Ford unveils return of the Continental

Updated: 2015-04-01 07:49

By Associated Press in Dearborn, Michigan(China Daily)

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Elvis Presley had one; so did Clark Gable. It was even the sedan of presidents. Then the name vanished amid an invasion of luxury cars from Europe and Asia.

Now, the Lincoln Continental is back.

Thirteen years after the last Continental rolled off the assembly line, Ford Motor Co is resurrecting its storied nameplate. The new Continental made its debut in concept form at this week's New York Auto Show.

Importance of China

After more than a decade of toying with alphabetical names like LS and MKS to be more like its foreign rivals, Ford's 98-year-old Lincoln brand is embracing its heritage, and the growing confidence at Lincoln after turning round a long sales decline. It is also a nod to the importance of China, where customers know the Continental name and appreciate brands with a rich history.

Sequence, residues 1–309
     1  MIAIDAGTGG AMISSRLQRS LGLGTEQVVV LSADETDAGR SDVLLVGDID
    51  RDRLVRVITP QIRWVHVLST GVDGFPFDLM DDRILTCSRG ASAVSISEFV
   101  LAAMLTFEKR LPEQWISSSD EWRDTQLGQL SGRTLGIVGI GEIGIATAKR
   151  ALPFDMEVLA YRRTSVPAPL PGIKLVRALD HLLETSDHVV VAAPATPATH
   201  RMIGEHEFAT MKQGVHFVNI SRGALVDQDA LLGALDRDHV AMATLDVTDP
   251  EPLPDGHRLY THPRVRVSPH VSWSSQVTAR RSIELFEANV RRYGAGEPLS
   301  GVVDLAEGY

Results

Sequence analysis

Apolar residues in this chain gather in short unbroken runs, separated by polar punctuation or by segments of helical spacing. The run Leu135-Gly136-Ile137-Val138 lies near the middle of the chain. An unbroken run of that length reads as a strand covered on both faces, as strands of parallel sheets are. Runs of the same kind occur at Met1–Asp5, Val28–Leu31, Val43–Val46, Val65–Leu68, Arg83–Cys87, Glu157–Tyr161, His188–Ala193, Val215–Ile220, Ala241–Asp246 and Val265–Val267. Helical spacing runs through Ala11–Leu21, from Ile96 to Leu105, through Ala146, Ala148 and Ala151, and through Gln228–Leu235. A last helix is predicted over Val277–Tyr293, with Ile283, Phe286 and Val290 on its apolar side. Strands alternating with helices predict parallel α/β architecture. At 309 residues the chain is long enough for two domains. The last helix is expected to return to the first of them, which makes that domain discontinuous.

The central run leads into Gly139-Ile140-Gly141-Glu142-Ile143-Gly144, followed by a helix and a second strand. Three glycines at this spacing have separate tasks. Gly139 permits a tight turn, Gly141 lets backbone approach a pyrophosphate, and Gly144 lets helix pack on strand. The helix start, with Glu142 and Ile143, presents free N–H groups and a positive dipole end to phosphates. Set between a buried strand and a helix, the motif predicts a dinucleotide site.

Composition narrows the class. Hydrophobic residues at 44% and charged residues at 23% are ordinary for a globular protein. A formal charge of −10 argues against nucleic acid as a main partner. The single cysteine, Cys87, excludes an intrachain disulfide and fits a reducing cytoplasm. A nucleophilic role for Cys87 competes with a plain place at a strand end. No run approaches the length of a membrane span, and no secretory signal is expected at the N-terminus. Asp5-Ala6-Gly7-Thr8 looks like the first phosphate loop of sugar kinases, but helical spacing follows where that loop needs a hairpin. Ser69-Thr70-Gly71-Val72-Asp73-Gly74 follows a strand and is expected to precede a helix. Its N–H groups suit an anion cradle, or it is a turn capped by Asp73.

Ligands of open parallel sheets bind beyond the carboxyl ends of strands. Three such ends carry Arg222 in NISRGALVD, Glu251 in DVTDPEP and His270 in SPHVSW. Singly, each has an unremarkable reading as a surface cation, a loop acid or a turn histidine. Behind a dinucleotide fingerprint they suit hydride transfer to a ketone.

Ford unveils return of the Continental

The Continental was born in 1938, when Henry Ford's son Edsel commissioned a convertible he could use on his spring vacation. Thrilled by the reception he got as he drove the elegant sedan, Edsel Ford made the Continental part of Lincoln's lineup. The Continental soon became the pinnacle of American luxury.

Continental sales peaked in 1990 at 62,732. But after that, Lincoln's sales began slipping. Ford had acquired other luxury brands such as Jaguar and Volvo. Lincoln's designs got dull and failed to stand out from lower-priced Fords. The Continental was also squeezed by competition from the midsize Lincoln LS and the bigger Town Car.

Ford also underestimated the threat posed by German rivals and newer Japanese luxury brands. By 2000, Lexus was the top-selling luxury brand in the US. BMW took the top spot last year.

Ford CEO Mark Fields said that Lincoln isn't trying to be sporty like BMW or showy like Cadillac. Instead, it wants to give drivers an experience that is elegant and serene.

Ford has high hopes for the Lincoln brand in China, where it's opening dazzling new dealerships complete with waterfalls. Ford began selling Lincolns in China late last year, and plans to open another 20 dealerships this year.

(China Daily 04/01/2015 page10)